How to we live a more sustainable lifestyle is a big question to tackle with our kids. How do we save our earth, what can we do to protect it? Children naturally love animals, lions, tigers, penguins, polar bears and panda’s and it’s hard to believe that many could be endangered in our children’s lifetimes. Whilst they have this innate love of wildlife it makes sense to teach them the effects our lives have on the world and the many species of animals there are, but knowing where to even start the conversation can be hard so I reached out to Kate Cohen at It’s Our Planet too in order to find out more.
Hi Kate, Welcome to No Mum Is An Island. I am a great believer that no mum or dad should have to do everything themselves, we can’t possibly know it all, and we need all the support we can get, there is a wealth of information out there to help us upgrade our parenting to make our lives easier and this website is a hub for just that! We love that you have upgraded your life by taking your love of the environment and turning it into a colourful inspiring resource to support parents to inspire their kids to make sustainable changes.
How do we explain climate change and pollution to our children?
Hi Jade, thank you so much for the opportunity to talk about It’s Our Planet Too.
Luckily, I think a lot of the ‘explaining’ about environmental issues is now done in schools, pitched at the right level for our children. My children have both learnt an awful lot about plastic pollution in recent months and have come home convinced that ALL plastic is the devil, they are now policing us on our usage!
That said, there are some awesome resources available for parents now, including great websites – www.itsourplanettoo.co.uk – as well as a whole host of books that deal with tricky questions about our environment.
Most importantly, caring for our environment should just become a way of life. Whether you’re an ardent recycler or a busy parent looking for some quick fixes, it can be really easy to get your family to live a more sustainable lifestyle that quickly becomes a habit – we just need to inspire our children to care.
What simple steps can we take with our children to do our bit to reduce our climate and pollution impact?
The most effective thing we can do is to lead by example. Make it normal to say no to single-use plastic and remember to bring your reusable bottles and cups everywhere. Walk or scoot to school instead of driving and encourage them to turn off lights when they leave a room or turn off the tap when they’re brushing their teeth. Little actions, that become habits can make a big difference.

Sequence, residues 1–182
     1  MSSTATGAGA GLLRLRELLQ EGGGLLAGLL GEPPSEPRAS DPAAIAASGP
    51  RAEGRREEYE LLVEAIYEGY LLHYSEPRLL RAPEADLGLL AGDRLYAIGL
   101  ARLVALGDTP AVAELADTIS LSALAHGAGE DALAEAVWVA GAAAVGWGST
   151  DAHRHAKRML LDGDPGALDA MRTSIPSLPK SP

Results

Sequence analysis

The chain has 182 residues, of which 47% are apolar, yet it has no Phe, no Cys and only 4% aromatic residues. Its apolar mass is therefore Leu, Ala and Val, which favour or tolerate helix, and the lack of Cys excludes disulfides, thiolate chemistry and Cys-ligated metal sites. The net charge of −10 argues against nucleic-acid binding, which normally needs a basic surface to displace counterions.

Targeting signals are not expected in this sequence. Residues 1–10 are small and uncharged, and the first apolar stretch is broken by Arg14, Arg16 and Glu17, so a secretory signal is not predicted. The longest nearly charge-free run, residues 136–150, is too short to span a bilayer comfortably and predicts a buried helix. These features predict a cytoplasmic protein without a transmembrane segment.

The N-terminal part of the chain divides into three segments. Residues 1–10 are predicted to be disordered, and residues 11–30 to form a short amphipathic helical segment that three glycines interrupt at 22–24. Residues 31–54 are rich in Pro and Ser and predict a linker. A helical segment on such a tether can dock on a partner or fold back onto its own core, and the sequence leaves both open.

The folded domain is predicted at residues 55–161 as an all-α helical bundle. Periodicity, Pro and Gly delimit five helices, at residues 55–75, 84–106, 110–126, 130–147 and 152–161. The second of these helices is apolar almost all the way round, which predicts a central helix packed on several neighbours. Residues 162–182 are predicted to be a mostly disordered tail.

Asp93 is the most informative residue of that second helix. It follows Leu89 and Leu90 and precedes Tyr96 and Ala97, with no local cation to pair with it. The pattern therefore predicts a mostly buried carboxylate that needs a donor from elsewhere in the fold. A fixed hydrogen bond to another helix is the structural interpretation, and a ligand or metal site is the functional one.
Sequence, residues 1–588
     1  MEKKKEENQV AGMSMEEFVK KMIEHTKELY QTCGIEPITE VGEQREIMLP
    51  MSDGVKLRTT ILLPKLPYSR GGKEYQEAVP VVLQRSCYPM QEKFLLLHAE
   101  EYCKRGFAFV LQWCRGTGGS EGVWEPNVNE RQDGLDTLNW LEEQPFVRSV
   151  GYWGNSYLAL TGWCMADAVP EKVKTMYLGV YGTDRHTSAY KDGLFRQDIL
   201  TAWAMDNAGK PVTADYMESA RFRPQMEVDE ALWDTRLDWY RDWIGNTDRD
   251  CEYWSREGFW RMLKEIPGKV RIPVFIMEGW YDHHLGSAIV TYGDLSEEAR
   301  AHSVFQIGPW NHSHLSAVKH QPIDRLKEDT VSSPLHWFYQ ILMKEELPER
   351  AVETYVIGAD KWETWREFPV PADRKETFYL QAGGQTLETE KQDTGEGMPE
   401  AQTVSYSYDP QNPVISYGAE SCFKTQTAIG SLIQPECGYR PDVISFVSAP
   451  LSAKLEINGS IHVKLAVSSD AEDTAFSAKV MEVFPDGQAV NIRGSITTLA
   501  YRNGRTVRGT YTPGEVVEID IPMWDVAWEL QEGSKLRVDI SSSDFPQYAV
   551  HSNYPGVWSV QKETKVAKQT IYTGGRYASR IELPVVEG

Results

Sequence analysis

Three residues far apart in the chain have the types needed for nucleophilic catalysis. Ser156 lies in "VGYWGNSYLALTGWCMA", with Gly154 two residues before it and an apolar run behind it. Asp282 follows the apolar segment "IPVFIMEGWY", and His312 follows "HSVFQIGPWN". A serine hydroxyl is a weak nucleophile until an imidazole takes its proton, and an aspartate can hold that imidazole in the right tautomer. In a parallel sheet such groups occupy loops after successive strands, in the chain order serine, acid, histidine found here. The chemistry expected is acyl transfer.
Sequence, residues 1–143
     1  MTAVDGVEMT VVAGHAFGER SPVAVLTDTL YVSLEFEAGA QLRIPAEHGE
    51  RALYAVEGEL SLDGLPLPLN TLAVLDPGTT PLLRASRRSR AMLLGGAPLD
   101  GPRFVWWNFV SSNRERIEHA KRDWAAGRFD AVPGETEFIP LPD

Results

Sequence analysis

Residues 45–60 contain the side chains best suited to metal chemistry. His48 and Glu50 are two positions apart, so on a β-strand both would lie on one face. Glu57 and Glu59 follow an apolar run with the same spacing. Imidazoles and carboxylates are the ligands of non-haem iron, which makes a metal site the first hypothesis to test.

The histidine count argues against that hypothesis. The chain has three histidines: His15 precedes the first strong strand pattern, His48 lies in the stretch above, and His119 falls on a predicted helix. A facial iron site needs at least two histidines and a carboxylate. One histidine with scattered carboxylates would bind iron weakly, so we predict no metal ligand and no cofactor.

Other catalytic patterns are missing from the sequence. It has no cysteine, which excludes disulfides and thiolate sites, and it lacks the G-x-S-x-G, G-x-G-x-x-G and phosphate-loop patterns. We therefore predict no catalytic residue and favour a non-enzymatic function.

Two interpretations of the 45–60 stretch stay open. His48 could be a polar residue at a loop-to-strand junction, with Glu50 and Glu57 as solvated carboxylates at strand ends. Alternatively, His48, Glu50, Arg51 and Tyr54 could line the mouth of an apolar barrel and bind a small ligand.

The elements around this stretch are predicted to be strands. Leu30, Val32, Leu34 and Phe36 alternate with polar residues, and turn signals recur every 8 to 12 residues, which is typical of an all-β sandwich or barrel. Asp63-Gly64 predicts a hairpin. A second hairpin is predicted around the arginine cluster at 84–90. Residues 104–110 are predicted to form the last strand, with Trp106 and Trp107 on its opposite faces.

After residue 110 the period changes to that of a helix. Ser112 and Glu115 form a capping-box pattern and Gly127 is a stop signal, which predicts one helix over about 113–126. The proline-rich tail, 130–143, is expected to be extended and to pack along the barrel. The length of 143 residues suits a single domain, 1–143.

Show your kiddies how it’s done, and pretty quickly they’ll get the picture.
Plastic is a huge global issue, how can we make our children more aware and what can we do with them to play our part?
The key is to be constantly reinforcing the message and pretty soon our children will understand.
There are definitely some easier wins… for example avoiding balloons and other plastic decorations at parties and Christmas, being creative with party bags, rather than filling them with the usual throw-away toys and explaining why they don’t need a plastic straw when you’re out and about are all easy switches.
Admittedly some plastic toys are great, they last, keep the kiddies entertained for hours and if they are helpful for learning then it’s a bonus. We have enough Lego in our house to build a two-story extension! That said, even Lego are now doing their bit with sustainable bricks on the way…
Children absolutely love animals, how can we use this natural interest to teach about habitat destruction and declining biodiversity?
This can be tricky… the animals that many children love are the iconic, yet endangered animals that children in the UK may only see in picture books, on TV or in zoos – lions, tigers, elephants, rhinos, polar bears etc… So there can be a real disconnect between what children can do and how it will actually help these animals.
Nevertheless, there are plenty of real-life examples here in the UK of creatures that need our protection, for example teaching children about the importance of bees and understanding how we can create an environment to help them thrive. Letting our gardens grow and encouraging wild flowers, planting bees favourite flowers to attract bees into your garden; mint, lavender bluebells and poppies to name a few and saying NO to pesticides and herbicides in your garden.
Likewise hedgehogs have undergone a drastic decline in Britain and are at real risk if we don’t start giving them a helping hand. One way is by making ‘hedgehog highways’ in our gardens – a small hole in the fence at the bottom of your garden would allow hedgehogs to move freely between gardens, find food and also mate.
As the weather starts to improve go to the beach. Spend time in the garden or park. Visit the zoo. Head out into the countryside. Show your kiddies how valuable and beautiful nature is and what exactly is at stake when we don’t protect it.
What other advice can you give to parents who want to make sustainable, eco-friendly choices for their family?
We all lead busy lives and thinking about leading an eco-friendly lifestyle can often be pretty low down on the list of priorities. BUT the key is to remember that we can’t change the fate of our planet on our own but when we all come together, the impact can be huge.
If everyone made small lifestyle changes it can add up to making a big difference and a huge part of this is teaching our kiddies how to do the right thing.